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A LARGE CHINESE EXPORT PORCELAIN PAGODA
A LARGE CHINESE EXPORT PORCELAIN PAGODA
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THE JAMES E. SOWELL COLLECTION
A LARGE CHINESE EXPORT PORCELAIN PAGODA

JIAQING PERIOD, CIRCA 1820

Details
A LARGE CHINESE EXPORT PORCELAIN PAGODA
JIAQING PERIOD, CIRCA 1820
Comprised of seven stories rising from a base centering a blue enameled staircase, the hexagonal sides enameled with colorful brickwork and decorated with dancing maidens, warriors, and deities while enameled Buddhist lions flank the staircase, the railings enameled with landscapes, bird and flower vignettes or auspicious antiques and separated by black columns surmounted by small green Buddhist lions, the curving roof of each story and the high pitched roof at top set at the corners with small red bats, all surmounted by a red triple gourd finial, the whole raised on a conforming modern cream-painted wood base and green post support painted with double red doors having pairs of gilt lion mask knockers
48 ½ inches (123 cm.) high
Literature
M. Cohen & W. Motley, Mandarin & Menagerie, Chinese and Japanese Export Ceramic Figures, Cohen & Cohen, Reigate, Surrey, England, 2008, pp. 287-289.

Lot Essay

Towering, multi-storied Chinese pagodas with their curving roofs were architectural marvels to Western eyes; iconic symbols of the exotic East. Derived from the Indian stupa, a repository for sacred Buddhist relics, in China the pagoda became both a watchtower and a commemorative structure. Jan Nieuhoff’s early and influential representation of the famed Ming Dynasty Nanjing porcelain pagoda was followed by its publication in such works as J.B.F. von Erlach’s 1721 Entwurf einer historischen Architektur and Jean-Baptiste du Halde’s 1741 A Description of the Empire of China and Chinese-Tartary. Sir William Chamber’s 1757 publication Designs for Chinese Buildings, Furniture, Dresses, Machines and Utensils fuelled a fashion amongst the European upper classes for the Chinese pagoda, particularly as garden architecture. And as the 18th century progressed an increasing number of Europeans made the voyage to China, their last miles up the Pearl River taking them past two looming pagodas, an impressive sight many recorded in their diaries and letters home.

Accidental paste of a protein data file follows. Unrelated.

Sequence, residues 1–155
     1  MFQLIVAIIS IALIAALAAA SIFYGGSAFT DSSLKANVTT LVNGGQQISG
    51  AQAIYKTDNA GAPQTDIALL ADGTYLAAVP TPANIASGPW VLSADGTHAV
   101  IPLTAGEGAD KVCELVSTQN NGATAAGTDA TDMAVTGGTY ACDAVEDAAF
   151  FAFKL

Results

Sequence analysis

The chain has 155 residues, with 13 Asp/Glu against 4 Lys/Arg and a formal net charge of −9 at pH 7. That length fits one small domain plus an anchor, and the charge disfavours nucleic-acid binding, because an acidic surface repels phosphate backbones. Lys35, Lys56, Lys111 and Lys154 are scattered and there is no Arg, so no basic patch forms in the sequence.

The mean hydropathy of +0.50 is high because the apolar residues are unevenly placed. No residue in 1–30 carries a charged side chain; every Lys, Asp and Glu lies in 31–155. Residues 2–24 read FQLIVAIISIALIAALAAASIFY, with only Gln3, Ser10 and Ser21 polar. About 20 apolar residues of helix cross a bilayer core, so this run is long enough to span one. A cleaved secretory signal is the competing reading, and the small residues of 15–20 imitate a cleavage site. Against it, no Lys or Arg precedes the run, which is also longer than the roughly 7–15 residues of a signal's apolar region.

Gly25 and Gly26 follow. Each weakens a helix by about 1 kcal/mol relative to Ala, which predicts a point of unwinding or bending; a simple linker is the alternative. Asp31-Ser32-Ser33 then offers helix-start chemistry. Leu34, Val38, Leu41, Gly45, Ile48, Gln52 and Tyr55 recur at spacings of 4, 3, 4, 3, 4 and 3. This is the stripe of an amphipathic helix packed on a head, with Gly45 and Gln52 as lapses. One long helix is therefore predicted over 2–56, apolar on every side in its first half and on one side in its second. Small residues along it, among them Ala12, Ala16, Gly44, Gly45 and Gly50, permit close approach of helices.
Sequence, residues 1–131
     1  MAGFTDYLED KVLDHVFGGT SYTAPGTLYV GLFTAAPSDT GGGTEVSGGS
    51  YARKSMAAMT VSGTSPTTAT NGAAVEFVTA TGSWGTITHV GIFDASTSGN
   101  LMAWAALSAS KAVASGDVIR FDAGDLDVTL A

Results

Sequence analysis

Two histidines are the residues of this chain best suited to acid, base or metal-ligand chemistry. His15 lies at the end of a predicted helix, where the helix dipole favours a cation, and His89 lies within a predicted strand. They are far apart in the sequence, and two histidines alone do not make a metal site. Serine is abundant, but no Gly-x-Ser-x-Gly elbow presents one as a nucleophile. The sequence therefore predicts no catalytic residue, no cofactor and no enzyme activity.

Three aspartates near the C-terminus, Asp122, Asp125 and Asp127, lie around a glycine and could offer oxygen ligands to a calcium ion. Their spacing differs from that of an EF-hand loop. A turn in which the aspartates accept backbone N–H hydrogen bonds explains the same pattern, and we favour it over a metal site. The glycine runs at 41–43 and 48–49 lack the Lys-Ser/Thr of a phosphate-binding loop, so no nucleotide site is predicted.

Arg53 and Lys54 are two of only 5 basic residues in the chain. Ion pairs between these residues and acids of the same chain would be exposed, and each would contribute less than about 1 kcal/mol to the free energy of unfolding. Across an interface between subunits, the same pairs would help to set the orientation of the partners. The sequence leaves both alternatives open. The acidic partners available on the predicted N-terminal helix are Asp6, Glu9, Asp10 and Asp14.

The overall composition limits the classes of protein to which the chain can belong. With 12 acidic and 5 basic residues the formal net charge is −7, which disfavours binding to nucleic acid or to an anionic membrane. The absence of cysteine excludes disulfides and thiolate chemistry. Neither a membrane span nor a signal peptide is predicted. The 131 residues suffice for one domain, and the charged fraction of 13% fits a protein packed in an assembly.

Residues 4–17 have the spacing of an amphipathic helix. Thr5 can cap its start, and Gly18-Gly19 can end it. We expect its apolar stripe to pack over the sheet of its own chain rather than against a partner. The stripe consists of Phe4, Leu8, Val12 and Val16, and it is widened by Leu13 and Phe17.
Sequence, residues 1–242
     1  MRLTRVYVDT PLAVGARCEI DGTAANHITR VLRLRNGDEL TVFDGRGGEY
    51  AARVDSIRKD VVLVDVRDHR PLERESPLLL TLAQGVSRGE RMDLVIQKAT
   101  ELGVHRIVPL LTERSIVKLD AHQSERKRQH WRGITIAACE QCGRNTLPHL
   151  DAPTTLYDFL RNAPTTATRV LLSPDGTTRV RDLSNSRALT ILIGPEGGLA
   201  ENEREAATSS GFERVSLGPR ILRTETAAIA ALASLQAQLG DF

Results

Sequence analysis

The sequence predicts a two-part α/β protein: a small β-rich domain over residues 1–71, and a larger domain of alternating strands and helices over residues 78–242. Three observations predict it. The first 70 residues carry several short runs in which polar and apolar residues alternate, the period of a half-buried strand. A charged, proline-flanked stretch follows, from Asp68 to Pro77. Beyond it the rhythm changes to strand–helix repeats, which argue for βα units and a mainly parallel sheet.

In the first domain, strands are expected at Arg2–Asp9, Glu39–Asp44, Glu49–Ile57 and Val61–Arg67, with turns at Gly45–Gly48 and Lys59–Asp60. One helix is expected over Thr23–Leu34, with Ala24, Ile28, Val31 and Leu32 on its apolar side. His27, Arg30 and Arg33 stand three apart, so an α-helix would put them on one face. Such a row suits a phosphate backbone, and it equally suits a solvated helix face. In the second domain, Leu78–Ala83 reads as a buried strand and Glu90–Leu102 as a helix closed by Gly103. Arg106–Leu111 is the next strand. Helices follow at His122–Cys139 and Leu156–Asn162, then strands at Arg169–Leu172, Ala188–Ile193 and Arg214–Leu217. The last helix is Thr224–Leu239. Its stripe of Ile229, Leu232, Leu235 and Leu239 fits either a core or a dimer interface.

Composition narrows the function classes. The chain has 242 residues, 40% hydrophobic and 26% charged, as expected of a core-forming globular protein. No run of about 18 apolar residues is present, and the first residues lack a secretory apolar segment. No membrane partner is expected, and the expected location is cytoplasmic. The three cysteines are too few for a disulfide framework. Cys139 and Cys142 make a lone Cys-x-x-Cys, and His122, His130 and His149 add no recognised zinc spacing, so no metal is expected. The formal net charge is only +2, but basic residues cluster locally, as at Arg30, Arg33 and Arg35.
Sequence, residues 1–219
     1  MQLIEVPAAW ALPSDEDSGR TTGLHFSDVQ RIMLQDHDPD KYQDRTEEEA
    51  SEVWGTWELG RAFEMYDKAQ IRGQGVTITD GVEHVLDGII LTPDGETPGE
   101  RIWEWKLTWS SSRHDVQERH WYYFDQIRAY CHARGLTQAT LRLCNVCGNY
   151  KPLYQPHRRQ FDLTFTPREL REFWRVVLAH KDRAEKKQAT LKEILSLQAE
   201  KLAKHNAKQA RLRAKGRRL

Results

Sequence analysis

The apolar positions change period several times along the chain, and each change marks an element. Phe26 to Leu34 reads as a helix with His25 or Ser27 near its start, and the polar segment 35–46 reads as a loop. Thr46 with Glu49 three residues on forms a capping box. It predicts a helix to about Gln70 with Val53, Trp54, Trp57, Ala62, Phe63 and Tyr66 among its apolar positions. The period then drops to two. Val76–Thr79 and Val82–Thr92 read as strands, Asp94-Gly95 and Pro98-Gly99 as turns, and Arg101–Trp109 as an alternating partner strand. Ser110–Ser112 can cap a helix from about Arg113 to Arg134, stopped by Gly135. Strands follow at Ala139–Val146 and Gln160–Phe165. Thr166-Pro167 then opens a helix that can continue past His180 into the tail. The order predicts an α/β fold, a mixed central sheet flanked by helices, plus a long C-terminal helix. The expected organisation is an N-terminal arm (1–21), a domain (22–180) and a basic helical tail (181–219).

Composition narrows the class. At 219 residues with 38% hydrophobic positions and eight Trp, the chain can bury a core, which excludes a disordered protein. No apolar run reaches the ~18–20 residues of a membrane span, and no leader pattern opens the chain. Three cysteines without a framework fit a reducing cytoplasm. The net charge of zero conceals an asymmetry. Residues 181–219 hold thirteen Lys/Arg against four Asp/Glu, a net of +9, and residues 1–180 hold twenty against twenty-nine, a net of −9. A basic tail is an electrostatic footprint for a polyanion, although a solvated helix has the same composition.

Models of this exotic architectural form were made in a variety of materials for the West, most commonly small-scale versions in soapstone, ivory and silver. Vastly more challenging and far more expensive were large porcelain renditions. Eight are found in the British Royal Collection, six of which were acquired by the Prince of Wales (later King George IV) for his Royal Pavilion at Brighton. A pair very similar to the Brighton pagodas was in the Castello di Vincigliata, Fiesole, Italy and sold Christie’s London, 14 May 2013, lot 217. Another massive porcelain pagoda was almost certainly acquired by the 6th Duke of Bedford circa 1815 for Woburn Abbey, and sold Christie’s London, 21 September 2004, lot 350.

Western fascination with the pagoda seems to have peaked in the early decades of the 19th century, which saw not just the Brighton Pavilion arise but also the famous Kew Gardens pagoda and another built for the Prince Regent in St. James’s Park. And in America China Trader Samuel Cabot, Jr. and Elizabeth Perkins of Boston, on the occasion of their 1812 marriage, ordered a handsome blue and white dinner service featuring the Fitzhugh pattern surrounding a large pagoda.

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